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Green urges Glasgow to lay its ghosts

A FORMER education convener in Glasgow suggested last week that the city's education department has allowed its relations with primary heads to become strained.

Malcolm Green pointed out to the education committee that the recent HMI report on the education service found that, while all secondary heads felt fully engaged with the work of the department, only a "disappointing" half of primary and special school heads did.

Dr Green acknowledged later that the intensive consultations required in renewing Glasgow's secondary buildings had bound schools and the education department more closely together. But he said urgent work was needed to repair links with the primary and special school sectors.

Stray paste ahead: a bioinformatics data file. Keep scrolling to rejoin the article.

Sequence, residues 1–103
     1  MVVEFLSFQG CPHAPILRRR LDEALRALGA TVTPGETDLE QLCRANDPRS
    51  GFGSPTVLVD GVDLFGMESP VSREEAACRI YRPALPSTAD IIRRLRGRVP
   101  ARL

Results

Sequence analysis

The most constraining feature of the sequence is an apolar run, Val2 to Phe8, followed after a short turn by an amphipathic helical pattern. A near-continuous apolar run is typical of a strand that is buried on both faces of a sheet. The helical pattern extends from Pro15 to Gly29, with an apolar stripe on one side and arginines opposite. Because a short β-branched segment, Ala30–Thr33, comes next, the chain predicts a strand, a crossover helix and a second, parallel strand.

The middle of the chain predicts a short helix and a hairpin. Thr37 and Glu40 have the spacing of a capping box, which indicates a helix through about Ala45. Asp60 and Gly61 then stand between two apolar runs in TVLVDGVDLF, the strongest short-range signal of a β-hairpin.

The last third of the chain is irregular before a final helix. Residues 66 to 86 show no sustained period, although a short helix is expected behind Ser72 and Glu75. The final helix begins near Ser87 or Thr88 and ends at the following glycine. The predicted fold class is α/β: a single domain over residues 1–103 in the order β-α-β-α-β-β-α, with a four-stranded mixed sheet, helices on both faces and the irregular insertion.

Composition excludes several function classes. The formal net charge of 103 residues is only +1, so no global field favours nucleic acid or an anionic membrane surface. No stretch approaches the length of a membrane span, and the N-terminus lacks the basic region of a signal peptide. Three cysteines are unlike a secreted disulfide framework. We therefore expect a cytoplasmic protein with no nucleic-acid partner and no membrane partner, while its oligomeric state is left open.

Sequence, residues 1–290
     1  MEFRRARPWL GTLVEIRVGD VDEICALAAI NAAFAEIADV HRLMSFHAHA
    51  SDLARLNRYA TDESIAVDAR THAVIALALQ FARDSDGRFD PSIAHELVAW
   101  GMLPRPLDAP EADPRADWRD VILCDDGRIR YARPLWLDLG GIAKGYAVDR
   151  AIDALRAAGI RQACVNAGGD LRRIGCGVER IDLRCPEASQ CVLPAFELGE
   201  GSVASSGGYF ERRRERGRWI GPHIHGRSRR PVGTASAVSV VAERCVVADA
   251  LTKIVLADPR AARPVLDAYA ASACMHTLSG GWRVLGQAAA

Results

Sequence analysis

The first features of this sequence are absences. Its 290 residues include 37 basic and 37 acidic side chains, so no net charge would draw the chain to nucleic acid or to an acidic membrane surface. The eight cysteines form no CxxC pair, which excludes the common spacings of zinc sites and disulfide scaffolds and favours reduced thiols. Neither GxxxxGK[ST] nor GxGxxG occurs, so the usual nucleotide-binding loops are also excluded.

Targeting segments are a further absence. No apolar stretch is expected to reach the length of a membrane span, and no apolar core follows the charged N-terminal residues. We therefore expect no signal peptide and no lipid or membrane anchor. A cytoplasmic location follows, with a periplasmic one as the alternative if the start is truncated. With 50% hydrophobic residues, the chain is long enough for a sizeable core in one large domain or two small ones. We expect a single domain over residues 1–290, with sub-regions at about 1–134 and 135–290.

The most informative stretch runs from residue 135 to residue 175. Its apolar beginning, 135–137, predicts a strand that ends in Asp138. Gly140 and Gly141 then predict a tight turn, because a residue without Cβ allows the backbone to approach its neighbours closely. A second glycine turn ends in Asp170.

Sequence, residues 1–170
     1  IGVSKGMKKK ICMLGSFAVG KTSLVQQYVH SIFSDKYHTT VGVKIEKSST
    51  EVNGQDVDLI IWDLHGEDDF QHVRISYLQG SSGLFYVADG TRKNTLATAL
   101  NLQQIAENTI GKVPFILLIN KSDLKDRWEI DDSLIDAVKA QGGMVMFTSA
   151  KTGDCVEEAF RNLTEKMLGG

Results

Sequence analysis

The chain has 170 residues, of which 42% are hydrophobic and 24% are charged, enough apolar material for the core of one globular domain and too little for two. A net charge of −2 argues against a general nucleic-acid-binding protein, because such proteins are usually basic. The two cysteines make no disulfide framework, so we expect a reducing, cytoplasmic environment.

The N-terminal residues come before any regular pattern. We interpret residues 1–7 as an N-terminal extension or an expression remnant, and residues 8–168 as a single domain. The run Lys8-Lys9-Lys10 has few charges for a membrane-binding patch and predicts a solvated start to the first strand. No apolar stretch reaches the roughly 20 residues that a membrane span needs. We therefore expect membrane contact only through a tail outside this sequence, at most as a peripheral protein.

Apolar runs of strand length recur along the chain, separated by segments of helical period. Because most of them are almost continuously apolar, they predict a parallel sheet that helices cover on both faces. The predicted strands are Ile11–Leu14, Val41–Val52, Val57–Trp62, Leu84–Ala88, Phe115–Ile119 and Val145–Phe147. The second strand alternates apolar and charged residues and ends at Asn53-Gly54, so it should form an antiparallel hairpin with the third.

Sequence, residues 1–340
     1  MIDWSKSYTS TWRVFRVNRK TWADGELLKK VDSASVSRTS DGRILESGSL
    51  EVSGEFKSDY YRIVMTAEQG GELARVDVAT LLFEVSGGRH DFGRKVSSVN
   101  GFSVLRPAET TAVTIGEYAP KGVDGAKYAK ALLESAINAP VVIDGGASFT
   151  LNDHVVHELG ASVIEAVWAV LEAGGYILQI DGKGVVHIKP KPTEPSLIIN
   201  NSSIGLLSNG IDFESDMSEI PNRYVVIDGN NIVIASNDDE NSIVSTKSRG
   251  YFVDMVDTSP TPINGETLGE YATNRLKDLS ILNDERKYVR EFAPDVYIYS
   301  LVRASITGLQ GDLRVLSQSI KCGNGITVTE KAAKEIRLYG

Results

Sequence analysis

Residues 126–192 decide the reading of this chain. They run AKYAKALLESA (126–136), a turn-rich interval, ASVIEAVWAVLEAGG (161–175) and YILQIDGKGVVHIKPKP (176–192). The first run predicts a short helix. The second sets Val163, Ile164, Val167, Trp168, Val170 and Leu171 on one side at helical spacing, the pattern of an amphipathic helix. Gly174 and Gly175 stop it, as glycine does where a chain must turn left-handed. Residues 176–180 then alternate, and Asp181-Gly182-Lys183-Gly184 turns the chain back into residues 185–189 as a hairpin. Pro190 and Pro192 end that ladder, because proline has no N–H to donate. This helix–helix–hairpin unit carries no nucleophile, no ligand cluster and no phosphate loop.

Although it was not mentioned, it is believed that the saga of "ghost pupils" in which a number of primary heads were accused of fiddling their rolls may also have damaged relations.

This issue was not specifically underlined in the council's first formal response to HMI's report, beyond a recognition that "a number of groups of stakeholders felt that communication with them was patchy and could be improved".

The education department will draw up a two-year action plan in response to the report for approval by the committee on September 19.

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